There’s something very appealing about a well composed thematic map. The geometric character of the symbols often used as an overlay gives the work an abstract aesthetic whether they are draped across a real map of the world or not. Of of the central tenets of good thematic map design is that the underlying geography is really just a placeholder. Providing topographic detail is really nothing more than a distraction to the main event. The most explicit illustration of this is when the base map is disregarded altogether.
Here, The Guardian use a Dorling cartogram based on proportioanlly sized circles that convey both quantity of the phenomena being mapped as well as the geography itself. There’s no need for a base map as the position and adjacencies of the symbols work perfectly to tell the story. Cartograms are not to everyone’s taste though and they tend to find more favour outside North America than within which is in itself curious. They are often reserved for reporting of election results when the size and shape of real areas is secondary to the proportion of vote and the amount of red or blue one wants to paint across the map in true proportion.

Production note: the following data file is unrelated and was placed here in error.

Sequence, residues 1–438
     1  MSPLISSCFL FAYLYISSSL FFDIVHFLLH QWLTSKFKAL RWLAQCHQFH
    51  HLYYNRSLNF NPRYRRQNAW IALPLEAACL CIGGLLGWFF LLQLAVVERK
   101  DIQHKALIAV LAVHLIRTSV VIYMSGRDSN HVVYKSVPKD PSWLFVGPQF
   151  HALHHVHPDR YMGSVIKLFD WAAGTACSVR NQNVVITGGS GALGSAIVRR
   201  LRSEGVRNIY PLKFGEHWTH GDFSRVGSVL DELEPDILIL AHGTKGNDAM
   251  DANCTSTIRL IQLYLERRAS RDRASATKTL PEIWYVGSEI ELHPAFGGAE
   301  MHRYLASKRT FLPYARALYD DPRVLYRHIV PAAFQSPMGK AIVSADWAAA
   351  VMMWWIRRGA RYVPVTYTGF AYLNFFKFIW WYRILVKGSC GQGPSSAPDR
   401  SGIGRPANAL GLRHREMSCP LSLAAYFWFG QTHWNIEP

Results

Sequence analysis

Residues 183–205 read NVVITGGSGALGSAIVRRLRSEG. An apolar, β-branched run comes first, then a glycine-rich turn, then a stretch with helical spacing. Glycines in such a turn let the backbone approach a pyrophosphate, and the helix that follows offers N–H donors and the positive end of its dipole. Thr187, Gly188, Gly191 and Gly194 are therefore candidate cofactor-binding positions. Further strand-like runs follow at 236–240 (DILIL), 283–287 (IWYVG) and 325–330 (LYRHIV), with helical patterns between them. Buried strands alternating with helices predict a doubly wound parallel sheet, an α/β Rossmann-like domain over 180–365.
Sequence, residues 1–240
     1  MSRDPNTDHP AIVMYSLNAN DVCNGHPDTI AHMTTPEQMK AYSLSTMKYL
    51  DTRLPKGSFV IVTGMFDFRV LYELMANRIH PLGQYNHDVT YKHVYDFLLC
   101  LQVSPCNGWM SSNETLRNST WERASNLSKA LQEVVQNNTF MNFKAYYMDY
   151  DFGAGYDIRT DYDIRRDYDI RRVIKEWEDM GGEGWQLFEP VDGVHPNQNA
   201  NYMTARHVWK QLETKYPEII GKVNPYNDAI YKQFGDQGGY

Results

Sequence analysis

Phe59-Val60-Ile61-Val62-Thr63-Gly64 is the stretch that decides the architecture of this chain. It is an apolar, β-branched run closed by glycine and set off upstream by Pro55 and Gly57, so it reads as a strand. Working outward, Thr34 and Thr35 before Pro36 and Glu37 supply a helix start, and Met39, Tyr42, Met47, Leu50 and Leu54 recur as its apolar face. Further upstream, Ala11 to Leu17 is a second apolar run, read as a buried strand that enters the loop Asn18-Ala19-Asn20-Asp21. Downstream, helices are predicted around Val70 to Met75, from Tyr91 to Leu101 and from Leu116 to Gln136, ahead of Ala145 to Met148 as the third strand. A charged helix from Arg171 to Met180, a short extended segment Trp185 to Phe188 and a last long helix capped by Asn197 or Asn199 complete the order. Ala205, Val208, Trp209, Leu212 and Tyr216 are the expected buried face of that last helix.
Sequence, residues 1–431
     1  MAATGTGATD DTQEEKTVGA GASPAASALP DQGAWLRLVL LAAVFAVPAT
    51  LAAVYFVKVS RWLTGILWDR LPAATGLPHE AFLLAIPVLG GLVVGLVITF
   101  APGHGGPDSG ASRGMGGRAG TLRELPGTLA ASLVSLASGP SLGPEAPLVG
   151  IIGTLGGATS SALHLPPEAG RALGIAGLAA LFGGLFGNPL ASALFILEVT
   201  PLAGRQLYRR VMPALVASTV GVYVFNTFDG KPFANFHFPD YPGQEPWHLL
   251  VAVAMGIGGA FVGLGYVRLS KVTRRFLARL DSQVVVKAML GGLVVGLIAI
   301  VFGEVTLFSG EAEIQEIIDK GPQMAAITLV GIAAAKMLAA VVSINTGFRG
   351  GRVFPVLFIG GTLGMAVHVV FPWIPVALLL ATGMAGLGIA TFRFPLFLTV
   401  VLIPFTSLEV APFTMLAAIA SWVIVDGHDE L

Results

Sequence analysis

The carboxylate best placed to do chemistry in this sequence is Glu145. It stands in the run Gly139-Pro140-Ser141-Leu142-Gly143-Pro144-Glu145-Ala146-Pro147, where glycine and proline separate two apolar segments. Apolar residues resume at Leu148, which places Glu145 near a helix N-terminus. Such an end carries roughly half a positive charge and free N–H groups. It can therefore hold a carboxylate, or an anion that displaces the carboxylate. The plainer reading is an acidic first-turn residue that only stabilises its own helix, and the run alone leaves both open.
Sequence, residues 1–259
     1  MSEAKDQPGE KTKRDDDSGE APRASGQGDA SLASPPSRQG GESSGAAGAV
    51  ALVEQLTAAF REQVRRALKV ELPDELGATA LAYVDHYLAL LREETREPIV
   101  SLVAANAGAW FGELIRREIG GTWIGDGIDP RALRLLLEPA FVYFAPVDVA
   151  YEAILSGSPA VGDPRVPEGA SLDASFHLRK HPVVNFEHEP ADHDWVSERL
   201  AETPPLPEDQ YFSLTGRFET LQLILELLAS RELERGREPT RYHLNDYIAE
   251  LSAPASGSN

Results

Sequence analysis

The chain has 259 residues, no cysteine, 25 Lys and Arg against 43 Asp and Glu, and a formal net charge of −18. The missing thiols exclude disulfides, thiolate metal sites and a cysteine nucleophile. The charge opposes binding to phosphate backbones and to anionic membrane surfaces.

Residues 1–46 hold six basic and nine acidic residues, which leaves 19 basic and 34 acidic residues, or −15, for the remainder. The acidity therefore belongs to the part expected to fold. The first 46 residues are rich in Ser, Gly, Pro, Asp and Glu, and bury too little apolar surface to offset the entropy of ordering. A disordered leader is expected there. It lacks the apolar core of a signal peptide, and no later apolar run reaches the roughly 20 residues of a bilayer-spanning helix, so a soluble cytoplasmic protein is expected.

They are also more heavily used in the media precisely because they are visually striking and attention-grabbing. The strong geometry coupled with bold colours used to differentiate between continents is particularly impactful. There’s a really good hierarchy of detail in the map from the large simple symbols through the typographic components providing facts to the small-print where we can read a little of the story. There’s a useful legend in the top right that relays the colour coding as well as an overall measure and the graphs and country list at the foot provide detail for those wanting to mine it.
A strong print graphic that The Guardian has used in subsequent years to good effect when updating the information.